This edition of the USDA Plant Hardiness Zone Map (PHZM) is GIS (Geographic Information System)-based for the first time. This is also the first USDA PHZM that is specifically designed for the Internet. It enables viewers to examine plant hardiness zones at a much finer scale than ever before. For the first time, a very sophisticated algorithm was used to interpolate low-temperature values between actual weather reporting stations. A personal ZIP Code zone finder is also included with this version of the map. Simply type your ZIP Code in the proper box and your zone will be reported.
Zones in this edition of the USDA Plant Hardiness Zone Map (PHZM) are based on 1976–2005 weather data. A trial check did not find that the addition of more recent years of data made a significant difference in the definition of these zones. Each zone represents the mean extreme minimum temperature for an area, calculated from the lowest daily minimum temperature recorded for each of the years 1976–2005. This does not represent the coldest it has ever been or ever will be in an area, but it simply is the average of lowest winter temperatures for a given location for this time period.
The previous edition of the USDA PHZM, revised and published in 1990, was drawn from weather data for 1974–1986. The longer period (30 years) of data was selected by the group of horticultural, botanical, and climatological experts who led the review of the latest revision as the best balance between smoothing out the fluctuations of year-to-year weather variation and the concept that during their lifetimes, perennial plants mostly experience what is termed "weather" rather than "climate."
Two new zones have been added to this edition of the USDA PHZM. Zones 12 and 13 have been introduced for regions with average annual extreme minimum temperatures above 50 degrees and 60 degrees F, respectively. They only appear on the maps for Hawaii and Puerto Rico. But the additional frost-free zones will enable better definition of conditions for tropical and semitropical plants, which often serve as house or patio plants in many parts of the country. The two new zones will provide a way to share information about differences in cold sensitivity of tropical ornamental plants and may help gardeners decide when to bring tropical plants indoors from a deck or patio as the temperature cools.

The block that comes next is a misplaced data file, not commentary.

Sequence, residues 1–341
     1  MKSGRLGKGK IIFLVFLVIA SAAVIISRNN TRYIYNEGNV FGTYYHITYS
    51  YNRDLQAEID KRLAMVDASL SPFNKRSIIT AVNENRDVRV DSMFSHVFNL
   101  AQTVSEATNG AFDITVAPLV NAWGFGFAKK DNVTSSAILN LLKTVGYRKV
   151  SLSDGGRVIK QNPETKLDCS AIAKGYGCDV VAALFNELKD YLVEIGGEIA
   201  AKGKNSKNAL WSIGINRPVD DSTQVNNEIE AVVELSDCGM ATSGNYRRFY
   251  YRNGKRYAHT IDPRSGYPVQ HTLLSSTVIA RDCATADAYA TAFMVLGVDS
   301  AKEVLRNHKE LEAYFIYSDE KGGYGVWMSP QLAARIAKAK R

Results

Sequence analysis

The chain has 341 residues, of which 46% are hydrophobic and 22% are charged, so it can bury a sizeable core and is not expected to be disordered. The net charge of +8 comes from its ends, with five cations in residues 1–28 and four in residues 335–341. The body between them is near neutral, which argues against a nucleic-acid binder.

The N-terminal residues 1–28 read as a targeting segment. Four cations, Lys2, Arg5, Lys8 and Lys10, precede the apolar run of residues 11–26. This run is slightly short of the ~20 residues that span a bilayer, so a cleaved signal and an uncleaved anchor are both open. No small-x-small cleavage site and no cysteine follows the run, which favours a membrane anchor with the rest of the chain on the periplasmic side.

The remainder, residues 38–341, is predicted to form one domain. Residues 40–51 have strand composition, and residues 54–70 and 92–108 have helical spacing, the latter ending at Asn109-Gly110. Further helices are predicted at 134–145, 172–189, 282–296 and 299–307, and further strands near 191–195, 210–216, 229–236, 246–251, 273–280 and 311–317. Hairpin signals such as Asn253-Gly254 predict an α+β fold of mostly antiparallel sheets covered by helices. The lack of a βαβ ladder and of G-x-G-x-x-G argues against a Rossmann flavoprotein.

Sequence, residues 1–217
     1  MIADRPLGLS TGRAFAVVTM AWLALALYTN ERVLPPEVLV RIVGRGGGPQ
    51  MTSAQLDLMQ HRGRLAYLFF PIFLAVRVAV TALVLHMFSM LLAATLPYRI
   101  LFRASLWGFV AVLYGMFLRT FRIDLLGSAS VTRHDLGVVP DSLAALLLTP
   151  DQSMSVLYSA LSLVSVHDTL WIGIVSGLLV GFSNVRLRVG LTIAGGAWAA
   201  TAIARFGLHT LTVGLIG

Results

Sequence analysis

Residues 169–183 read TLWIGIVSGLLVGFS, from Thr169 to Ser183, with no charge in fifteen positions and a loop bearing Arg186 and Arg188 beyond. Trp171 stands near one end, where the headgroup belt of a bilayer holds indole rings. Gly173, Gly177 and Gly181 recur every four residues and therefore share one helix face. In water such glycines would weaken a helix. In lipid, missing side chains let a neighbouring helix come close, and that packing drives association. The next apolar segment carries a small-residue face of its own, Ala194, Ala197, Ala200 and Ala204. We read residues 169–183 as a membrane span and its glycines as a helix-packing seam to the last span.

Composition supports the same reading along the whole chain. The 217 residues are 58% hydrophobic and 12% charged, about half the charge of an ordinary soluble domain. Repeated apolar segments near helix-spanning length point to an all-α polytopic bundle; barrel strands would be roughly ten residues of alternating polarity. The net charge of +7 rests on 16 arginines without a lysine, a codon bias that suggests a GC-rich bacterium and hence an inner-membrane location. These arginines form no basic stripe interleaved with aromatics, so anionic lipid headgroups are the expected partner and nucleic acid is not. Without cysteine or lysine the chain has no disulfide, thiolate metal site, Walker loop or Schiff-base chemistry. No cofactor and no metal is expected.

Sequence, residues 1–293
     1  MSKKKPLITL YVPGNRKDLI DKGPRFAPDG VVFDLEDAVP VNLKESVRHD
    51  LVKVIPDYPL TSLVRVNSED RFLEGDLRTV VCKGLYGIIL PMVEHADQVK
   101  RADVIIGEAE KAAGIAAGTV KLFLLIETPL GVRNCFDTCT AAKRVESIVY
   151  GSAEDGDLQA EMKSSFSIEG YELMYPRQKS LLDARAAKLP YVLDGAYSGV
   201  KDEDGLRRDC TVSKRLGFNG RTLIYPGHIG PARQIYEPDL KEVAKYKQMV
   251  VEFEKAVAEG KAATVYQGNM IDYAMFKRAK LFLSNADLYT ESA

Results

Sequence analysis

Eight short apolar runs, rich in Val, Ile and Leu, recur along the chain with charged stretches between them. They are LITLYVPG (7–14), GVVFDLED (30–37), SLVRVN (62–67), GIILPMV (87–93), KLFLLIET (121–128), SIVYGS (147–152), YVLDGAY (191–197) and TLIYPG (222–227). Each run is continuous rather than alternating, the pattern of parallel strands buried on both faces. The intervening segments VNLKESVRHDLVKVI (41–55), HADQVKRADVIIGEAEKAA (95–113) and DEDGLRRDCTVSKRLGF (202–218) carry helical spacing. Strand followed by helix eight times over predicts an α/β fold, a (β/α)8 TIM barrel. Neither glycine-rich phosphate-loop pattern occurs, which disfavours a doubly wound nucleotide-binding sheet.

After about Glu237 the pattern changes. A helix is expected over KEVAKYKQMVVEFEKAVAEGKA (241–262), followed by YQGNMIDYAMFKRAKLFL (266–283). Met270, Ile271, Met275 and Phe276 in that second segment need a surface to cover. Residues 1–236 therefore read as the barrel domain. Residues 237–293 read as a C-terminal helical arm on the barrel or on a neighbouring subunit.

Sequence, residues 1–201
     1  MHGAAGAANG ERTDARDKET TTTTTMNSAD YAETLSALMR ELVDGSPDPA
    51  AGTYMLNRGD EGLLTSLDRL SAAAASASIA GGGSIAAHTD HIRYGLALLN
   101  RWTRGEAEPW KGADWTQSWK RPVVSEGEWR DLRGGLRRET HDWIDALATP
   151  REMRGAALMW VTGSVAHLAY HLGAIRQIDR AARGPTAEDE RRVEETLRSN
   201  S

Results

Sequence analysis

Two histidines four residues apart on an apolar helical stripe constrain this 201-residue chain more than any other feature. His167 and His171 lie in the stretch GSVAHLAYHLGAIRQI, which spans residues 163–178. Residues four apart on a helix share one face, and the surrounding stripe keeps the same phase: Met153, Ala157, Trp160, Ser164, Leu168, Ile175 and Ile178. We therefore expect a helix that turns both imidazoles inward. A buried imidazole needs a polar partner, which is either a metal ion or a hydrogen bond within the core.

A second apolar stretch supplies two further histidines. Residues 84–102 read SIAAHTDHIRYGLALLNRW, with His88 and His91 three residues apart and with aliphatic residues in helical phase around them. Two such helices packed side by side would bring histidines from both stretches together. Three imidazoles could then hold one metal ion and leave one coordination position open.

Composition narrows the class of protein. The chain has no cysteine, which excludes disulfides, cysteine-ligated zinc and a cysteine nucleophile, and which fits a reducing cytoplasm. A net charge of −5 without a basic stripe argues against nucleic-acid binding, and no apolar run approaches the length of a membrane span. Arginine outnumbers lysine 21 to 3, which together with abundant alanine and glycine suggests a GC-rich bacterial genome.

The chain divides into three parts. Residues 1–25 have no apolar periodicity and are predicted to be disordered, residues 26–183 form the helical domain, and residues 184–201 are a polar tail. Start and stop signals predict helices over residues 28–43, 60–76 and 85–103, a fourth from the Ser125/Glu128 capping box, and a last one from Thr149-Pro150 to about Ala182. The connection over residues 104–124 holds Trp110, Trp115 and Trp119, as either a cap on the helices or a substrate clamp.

Because this map was created digitally with GIS technology, it has a higher level of resolution and can show smaller areas of zone delineations than ever before. For example, cities tend to hold more heat because they have large amounts of concrete and blacktop, so a city or town may be assigned to a zone warmer than the surrounding countryside. Higher elevations tend to be colder than surrounding lower areas, so the top of a mountain may be an area of cooler zones. A location near a large body of unfrozen water may provide milder winter weather and be in a warmer zone.
Climate changes are usually based on trends in overall average temperatures recorded over 50-100 years. Because the USDA PHZM represents 30-year averages of what are essentially extreme weather events (the coldest temperature of the year), changes in zones are not reliable evidence of whether there has been global warming.
Compared with the 1990 version, zone boundaries in this edition of the map have shifted in many areas. The new PHZM is generally one half-zone warmer than the previous PHZM throughout much of the United States, as a result of a more recent averaging period (1974–1986 vs. 1976–2005). However, some of the changes in the zones are the results of the new, more sophisticated mapping methods and greater numbers of station observations used in this map, which has greatly improved accuracy, especially in mountainous regions. These changes are sometimes to a cooler, rather than warmer, zone.
Canada and Mexico
The 1990 PHZM included Canada and Mexico for the first time. In this version, the latest mapping technology was focused on creating the highest-quality PHZM for the United States and Puerto Rico. Canada has developed its own plant hardiness zone map, which can be accessed at http://atlas.agr.gc.ca/agmaf/. Mexico does not yet have a similar map.
U.S. National Arboretum
The U.S. National Arboretum (USNA) website includes a list of cold hardiness ratings for selected woody plants which may be found at the following link: http://www.usna.usda.gov/Hardzone/hrdzon4.html#5.